Jackfic Archive Story


Crosswired: Easter

by Twitchy and the Nut - otherwise known as Flatkatsi and Gumnut

Disclaimer: Stargate SG-1 and its characters are the property of Showtime/Viacom, MGM/UA, Double Secret Productions, and Gekko Productions. I have written this story for entertainment purposes only and no money whatsoever has exchanged hands. No copyright infringement is intended. The original characters, situations, and story are the property of the author(s).

He had been kicked off the base. There was no other description for it. Landry had lined him up at the door, drawn back his boot, connected it with Daniel's rump and sent him flying out of the mountain.

The fact that Sam had been not far behind was little comfort. What was it with those who had no interest in the sciences? Didn't they have moments where they just had to work? Wasn't there any obsession in their bones?

At that thought, Jack immediately came to mind. Obsession, yes. He guessed the topic just varied.

But still...

The Jack in his head was giving him that look. Okay, okay, it had been a tough several weeks, but when were they going to realise that he found his work relaxing and satisfying?

Fishing is relaxing, Daniel.

Daniel fought back the urge to snort as he opened his front door, keys clanking on the woodwork. Teal'c had been the victim this time around for that little adventure. Despite the fact the archaeologist would have enjoyed visiting the General, he had so wanted to get his head into his current project, he'd begged off.

He also had enough healing mosquitoesque bites left over from the last mud encrusted mission.

Sometimes he was tempted to follow Jack off base and return to earthbound and much safer interests for a while ... but then he remembered what it was he did and dropped the idea immediately.

Mosquito bites or no.

But then Landry had kicked him off base anyway.

Okay, so the latest diplomatic mission had been stressful enough to cause his hair to fall out. The fact that it had and then sprouted on the nearest Asgard was just the nature of his job. Thor had been very put out. Personally he thought a hairy Asgard looked a great deal warmer, but considering the amount of hair transposed was equal to his human male body hair, the result had been eye opening to say the least.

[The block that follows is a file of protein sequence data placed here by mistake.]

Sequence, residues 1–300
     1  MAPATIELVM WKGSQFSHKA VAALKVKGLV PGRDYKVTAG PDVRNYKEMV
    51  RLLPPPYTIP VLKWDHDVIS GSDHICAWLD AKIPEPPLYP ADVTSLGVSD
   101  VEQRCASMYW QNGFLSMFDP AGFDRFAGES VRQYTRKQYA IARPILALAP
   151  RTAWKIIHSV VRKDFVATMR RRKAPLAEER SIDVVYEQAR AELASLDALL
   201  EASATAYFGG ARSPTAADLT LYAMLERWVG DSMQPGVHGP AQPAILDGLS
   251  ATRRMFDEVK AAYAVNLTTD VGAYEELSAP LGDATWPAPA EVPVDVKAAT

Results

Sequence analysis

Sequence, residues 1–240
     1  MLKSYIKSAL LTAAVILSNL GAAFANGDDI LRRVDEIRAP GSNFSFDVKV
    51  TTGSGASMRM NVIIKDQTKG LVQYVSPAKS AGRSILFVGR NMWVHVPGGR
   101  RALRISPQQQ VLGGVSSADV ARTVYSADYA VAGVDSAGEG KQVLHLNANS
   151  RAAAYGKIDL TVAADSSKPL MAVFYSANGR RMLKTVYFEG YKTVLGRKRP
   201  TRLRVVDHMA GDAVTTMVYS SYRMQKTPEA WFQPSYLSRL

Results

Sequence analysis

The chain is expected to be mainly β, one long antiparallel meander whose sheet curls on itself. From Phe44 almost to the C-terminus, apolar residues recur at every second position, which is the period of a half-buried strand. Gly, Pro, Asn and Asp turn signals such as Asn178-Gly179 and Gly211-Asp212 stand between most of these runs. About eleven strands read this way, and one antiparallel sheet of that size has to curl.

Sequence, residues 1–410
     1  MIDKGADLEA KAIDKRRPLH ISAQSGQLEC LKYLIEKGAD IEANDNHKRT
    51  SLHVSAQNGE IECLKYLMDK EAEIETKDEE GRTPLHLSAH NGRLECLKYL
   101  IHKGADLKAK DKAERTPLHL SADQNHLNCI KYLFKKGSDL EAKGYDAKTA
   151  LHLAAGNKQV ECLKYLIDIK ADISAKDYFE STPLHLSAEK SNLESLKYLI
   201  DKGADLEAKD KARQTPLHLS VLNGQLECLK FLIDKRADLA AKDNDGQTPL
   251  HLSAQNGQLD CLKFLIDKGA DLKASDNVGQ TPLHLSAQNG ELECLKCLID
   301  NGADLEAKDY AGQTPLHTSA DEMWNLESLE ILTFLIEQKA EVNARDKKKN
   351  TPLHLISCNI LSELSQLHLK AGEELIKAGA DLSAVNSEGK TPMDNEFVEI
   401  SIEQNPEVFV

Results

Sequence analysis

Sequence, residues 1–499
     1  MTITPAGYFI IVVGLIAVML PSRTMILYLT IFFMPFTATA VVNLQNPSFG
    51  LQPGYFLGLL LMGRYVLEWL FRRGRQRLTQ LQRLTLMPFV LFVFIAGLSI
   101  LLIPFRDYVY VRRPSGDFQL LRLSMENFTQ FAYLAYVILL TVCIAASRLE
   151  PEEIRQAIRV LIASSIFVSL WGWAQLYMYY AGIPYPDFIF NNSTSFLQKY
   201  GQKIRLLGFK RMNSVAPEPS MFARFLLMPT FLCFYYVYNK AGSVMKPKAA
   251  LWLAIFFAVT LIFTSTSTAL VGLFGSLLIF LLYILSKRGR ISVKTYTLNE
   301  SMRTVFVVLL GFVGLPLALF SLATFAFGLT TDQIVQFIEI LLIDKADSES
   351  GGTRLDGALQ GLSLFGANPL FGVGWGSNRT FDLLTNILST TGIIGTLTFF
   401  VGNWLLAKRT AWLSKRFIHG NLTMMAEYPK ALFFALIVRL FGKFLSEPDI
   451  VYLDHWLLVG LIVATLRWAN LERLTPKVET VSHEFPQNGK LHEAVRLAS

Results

Thor's aide had been the Asgard nearest to Sam and it was worth his life to comment on that one.

So not going there.

Suffice it to say that scarves and bandanas had become the fashion of SG-1.

His hair had fortunately grown back, with the aid of a little Asgard wizardry, and was now only a severe military cut, so he'd left the base sans bandana. At that thought, he self-consciously ran his hand across the soft crop on his head. Another reason for begging off the trip to Minnesota - the expression on Jack's face would most likely be unbearable.

Dropping his keys onto the bench, his eyes narrowed a little, but he couldn't help but smile at the thought.

The armful of books quickly followed the keys, but the thud of textbook hitting wood was echoed by the chime of his doorbell.

He frowned. No one expected him to be home.

Backtracking, he opened the door to find Sam hovering uncertainly on his doorstep, the flowery scarf around her head fluttering in the breeze.

"Sam? Hi."

She hesitated. "Daniel, can I speak to you for a moment?"

"Sure." He held the door open for her and she edged in, definitely uncomfortable. He frowned as he shut the door and ushered her into the living room. "Are you okay?"

She looked at him, and catching his expression, her eyes widened a little. "Oh. Yes, I'm fine. There's nothing wrong. Not really."

Not really, huh? Then why was she so edgy? "Have a seat. Coffee?"

"No, no, I'm fine." She ran her hands down the sides of her thighs as if not sure what to do with them, but then abruptly perched on the edge on his couch.

She might not want one, but the thought had him yearning for a cup and a moment later and he had the kitchen prepped for coffee. Unfortunately, however, he found he was reduced to instant. Food shopping seemed to slip down the priority list when the world needed saving.

The kettle heated up with the comforting sound of water heading for the boil. Returning to the living room while he waited, he leant on the doorframe, watching her. "So, what did you want to talk about?"

She looked up at him, going for the deer in headlights motif. What was wrong? He left his perch and took another on the couch opposite her. He gently grabbed her hands and stopped them fidgeting. "C'mon, Sam, what is it?"

"I think I've screwed up."